The copywriter in me also recognizes how this also provides a great structure for explaining your startup - especially to investors, the press, and anyone else outside of your target market.


6.) There are 6 characteristics of "good" problems. You need at least one of these conditions - ideally multiple - but it's not necessary to have all.


Good problems (i.e. problems that present viable business opportunities) are:

  • Popular - a lot of people have the problem

  • Growing - ideally at a rate faster than other problems

  • Urgent

  • Expensive to solve

  • Mandatory

  • Frequent - people will encounter them over and over (thus giving you multiple opportunities to convert)


7.) NEVER start with a solution and work backward


This is probably the golden rule of startups - never start with your product, solution, or idea and then try to find (or create) a market or problem for it. At YC, they have an acronym for this: SISP or "Solution in Search of a Problem."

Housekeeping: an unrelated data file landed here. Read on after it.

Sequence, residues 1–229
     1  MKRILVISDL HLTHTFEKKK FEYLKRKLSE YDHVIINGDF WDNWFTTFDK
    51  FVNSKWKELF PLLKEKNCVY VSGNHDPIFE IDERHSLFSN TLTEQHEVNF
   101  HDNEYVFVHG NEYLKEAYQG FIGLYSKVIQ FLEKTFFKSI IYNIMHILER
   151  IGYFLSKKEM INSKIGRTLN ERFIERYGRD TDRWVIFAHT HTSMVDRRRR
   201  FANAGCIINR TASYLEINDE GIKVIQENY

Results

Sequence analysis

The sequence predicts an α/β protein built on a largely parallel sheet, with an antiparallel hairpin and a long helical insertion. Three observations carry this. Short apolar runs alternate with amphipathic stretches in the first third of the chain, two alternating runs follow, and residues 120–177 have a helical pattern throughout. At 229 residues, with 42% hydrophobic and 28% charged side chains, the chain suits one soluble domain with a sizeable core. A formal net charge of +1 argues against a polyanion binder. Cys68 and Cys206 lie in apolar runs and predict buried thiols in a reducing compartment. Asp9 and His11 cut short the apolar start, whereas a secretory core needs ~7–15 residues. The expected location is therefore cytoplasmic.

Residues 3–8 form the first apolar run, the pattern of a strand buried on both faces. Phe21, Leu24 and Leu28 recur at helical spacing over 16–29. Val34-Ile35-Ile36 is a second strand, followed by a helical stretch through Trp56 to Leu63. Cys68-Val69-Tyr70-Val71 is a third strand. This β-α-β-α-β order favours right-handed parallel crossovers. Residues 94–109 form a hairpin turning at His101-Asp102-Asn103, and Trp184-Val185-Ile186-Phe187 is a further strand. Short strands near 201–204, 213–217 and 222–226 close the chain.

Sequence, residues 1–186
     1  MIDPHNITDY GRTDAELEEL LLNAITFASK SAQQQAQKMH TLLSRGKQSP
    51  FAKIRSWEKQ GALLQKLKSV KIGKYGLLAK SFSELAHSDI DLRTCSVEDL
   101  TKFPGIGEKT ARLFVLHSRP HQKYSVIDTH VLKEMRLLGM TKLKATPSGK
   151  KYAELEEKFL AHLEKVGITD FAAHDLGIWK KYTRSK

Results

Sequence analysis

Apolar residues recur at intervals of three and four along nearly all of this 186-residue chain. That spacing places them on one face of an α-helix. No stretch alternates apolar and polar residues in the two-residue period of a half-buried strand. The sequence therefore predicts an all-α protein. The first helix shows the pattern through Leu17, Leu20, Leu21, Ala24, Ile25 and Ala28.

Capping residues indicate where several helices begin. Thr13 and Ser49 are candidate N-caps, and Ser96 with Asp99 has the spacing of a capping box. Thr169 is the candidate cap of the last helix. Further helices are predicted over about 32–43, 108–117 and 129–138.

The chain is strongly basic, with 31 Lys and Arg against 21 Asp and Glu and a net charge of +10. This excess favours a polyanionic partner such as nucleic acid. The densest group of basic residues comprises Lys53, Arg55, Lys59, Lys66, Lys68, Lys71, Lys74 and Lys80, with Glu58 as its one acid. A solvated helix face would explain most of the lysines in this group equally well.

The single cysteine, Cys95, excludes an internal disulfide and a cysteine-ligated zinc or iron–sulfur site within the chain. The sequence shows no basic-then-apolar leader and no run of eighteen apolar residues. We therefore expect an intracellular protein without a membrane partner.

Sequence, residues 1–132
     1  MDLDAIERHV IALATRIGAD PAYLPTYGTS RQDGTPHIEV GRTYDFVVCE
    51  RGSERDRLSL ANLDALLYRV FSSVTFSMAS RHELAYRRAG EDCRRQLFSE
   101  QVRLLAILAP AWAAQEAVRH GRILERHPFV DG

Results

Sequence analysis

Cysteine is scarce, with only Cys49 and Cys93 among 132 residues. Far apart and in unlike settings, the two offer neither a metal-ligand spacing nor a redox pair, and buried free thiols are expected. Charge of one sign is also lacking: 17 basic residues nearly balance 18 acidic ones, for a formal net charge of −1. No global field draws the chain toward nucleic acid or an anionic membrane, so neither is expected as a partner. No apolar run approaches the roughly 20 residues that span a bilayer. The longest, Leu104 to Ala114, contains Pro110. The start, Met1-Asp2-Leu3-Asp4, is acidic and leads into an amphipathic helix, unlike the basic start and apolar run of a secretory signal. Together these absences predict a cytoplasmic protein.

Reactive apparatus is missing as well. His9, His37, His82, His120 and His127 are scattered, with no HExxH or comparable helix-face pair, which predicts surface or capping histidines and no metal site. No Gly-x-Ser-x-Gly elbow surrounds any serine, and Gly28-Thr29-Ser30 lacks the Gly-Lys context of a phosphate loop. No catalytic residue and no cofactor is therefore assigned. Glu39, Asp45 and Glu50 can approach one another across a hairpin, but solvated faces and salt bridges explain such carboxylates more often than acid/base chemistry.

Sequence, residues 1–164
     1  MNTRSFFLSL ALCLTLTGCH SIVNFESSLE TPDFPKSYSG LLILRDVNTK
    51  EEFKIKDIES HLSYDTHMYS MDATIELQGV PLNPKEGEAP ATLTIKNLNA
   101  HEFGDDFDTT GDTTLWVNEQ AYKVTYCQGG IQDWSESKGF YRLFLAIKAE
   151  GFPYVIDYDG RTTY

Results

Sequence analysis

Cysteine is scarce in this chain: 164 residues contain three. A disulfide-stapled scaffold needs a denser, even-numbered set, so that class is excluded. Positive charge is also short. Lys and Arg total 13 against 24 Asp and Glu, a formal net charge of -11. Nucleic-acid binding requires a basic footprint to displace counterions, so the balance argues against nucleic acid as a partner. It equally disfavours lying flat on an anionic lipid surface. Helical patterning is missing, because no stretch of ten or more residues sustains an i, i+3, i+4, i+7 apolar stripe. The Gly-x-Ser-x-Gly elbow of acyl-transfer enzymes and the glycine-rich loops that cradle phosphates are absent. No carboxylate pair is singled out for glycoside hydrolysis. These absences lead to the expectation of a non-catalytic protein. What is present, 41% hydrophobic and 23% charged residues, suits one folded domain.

The best startup ideas originate with the potential users or customers. Start with what problems they have and do whatever is necessary to solve them. This could mean starting with yourself, but to have a viable business you’ll definitely still need to validate that others have the same problem AND are willing to pay for a solution. This, of course, means you need to stay closely engaged with customers, talking to and interviewing them frequently (more on this later).


8.) Your insight is your “unfair advantage” in the marketplace


You can consider “unfair advantages” like competitive advantages or unique selling propositions within the startup world. There are 5 possible advantages, and while you don’t need them all, it’s good to have multiple. They are:

  • Founders - are you 1 of 10 people in the world who can solve this problem?